Is it single-origin? How’s the mouthfeel? Is it superior to ‘traditional’ coffee? We put ‘Coffiest’ to the test (because eventually somebody was going to).
When Soylent, vanguards of efficiency-focused millennial nutrient consumption, announced their newest product, we felt a kernel of curiosity. Blame it on a fascination with all things coffee-related, a bemused interest in ‘what the kids are up to these days,” or even just an effective Facebook marketing campaign, but we couldn’t help wondering: is Coffiest any good?
In the world of specialty coffee, there’s a process for testing beans that helps coffee professionals separate exquisite beans that deserve to be finely roasted from beans with the culinary integrity of an old brick. This process, called cupping, takes into account various qualities of the coffee like aroma, flavor, body, and aftertaste, assigning a score to each. While scoring is technically subjective, the idea is to build a framework that coffee professionals can share to get a ballpark idea of a coffee’s characteristics and quality.
It was a Wednesday, the sun was shining, so we figured, “What the hell, let’s cup some Coffiest!”
After acquiring a few matte-black bottles from a person giving it away for free in downtown LA, we hit our first roadblock. There were only three words on the packaging: “Coffiest,” “caffeine,” and something called “l-theanine” (which we refuse to google). In the coffee world, we’re used to knowing something about the origin of what we’re drinking. Where it was grown, how it was processed, things like that. Details. Coffiest is the specialty coffee version of “The Man With No Name”. It just showed up in town, dressed sort of strangely, and nobody’s quite sure how to approach it.
But we aren’t here to debate packaging or origins, we’re here to cup some urban spaceman coffeedrink! So we peeled off the waxy plastic, unscrewed the cap, and got down to business.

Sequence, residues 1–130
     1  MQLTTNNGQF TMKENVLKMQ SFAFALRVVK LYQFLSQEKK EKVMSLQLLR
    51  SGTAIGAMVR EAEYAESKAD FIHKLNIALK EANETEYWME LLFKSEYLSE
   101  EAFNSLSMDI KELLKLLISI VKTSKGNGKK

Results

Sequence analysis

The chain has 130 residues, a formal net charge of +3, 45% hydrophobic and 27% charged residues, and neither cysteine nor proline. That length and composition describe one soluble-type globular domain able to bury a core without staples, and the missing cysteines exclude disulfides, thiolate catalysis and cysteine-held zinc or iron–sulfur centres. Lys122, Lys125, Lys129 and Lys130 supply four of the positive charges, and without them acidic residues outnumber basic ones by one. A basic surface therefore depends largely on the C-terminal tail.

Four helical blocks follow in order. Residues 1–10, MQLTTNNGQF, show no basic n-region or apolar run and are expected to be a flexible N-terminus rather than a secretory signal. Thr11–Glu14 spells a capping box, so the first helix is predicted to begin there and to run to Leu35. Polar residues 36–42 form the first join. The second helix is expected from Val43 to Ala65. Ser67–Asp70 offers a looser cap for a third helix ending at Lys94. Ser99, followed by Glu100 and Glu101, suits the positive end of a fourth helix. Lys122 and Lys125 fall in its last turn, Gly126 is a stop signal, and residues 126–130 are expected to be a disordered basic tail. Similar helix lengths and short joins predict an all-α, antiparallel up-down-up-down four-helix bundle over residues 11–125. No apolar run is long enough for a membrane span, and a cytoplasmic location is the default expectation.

We weren’t really sure what to expect here, (and to be honest we were a little disappointed that unscrewing the cap wasn’t accompanied by an airlock noise), but it actually smells pretty ok. There’s a strong graham cracker aroma, with some honey sweetness and notes of cocoa. It legitimately smells like s’mores in a bottle, which is kind of cool and disconcerting in equal measure. Either way, doesn’t smell much like coffee at all, which is sort of the point? 5.50/10
The initial sip invokes an immediate comparison to oatmeal or pancake batter. (Given that Soylent is packed full of soy proteins and algaes and what-have-you, it’s going to have that taste no matter what.) Then the cocoa powder hits, and it really does taste… powdery. Remember the milk after a bowl of Cookie Crisp cereal? Like that, but less sweet. There are some coffee notes on the back end, but it tastes much darker than the website’s proclaimed “real lightly-roasted coffee.” We can’t get much beyond chocolate and faint coffee, especially since it still smells overwhelmingly of s’mores. 4.5/10
Coming off the back of the palate, the taste isn’t technically bad. You probably get more coffee notes out of the aftertaste than anywhere else, though still heavily mediated by cocoa power. It’s weirdly dry though, as if it’s evaporating off the back of your tongue. Imagine eating a small spoonful of cocoa powder, raw flour, and instant coffee. Sketchy. 3.5/10